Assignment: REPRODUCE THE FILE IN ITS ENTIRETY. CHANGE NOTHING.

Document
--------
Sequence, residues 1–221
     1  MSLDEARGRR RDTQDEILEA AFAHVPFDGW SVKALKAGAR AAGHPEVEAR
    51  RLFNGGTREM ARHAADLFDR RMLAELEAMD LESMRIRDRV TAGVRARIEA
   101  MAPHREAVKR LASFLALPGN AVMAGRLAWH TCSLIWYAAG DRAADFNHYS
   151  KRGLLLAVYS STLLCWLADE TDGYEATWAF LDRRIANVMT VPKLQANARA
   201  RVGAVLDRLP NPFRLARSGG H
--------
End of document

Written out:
Sequence, residues 1–221
     1  MSLDEARGRR RDTQDEILEA AFAHVPFDGW SVKALKAGAR AAGHPEVEAR
    51  RLFNGGTREM ARHAADLFDR RMLAELEAMD LESMRIRDRV TAGVRARIEA
   101  MAPHREAVKR LASFLALPGN AVMAGRLAWH TCSLIWYAAG DRAADFNHYS
   151  KRGLLLAVYS STLLCWLADE TDGYEATWAF LDRRIANVMT VPKLQANARA
   201  RVGAVLDRLP NPFRLARSGG H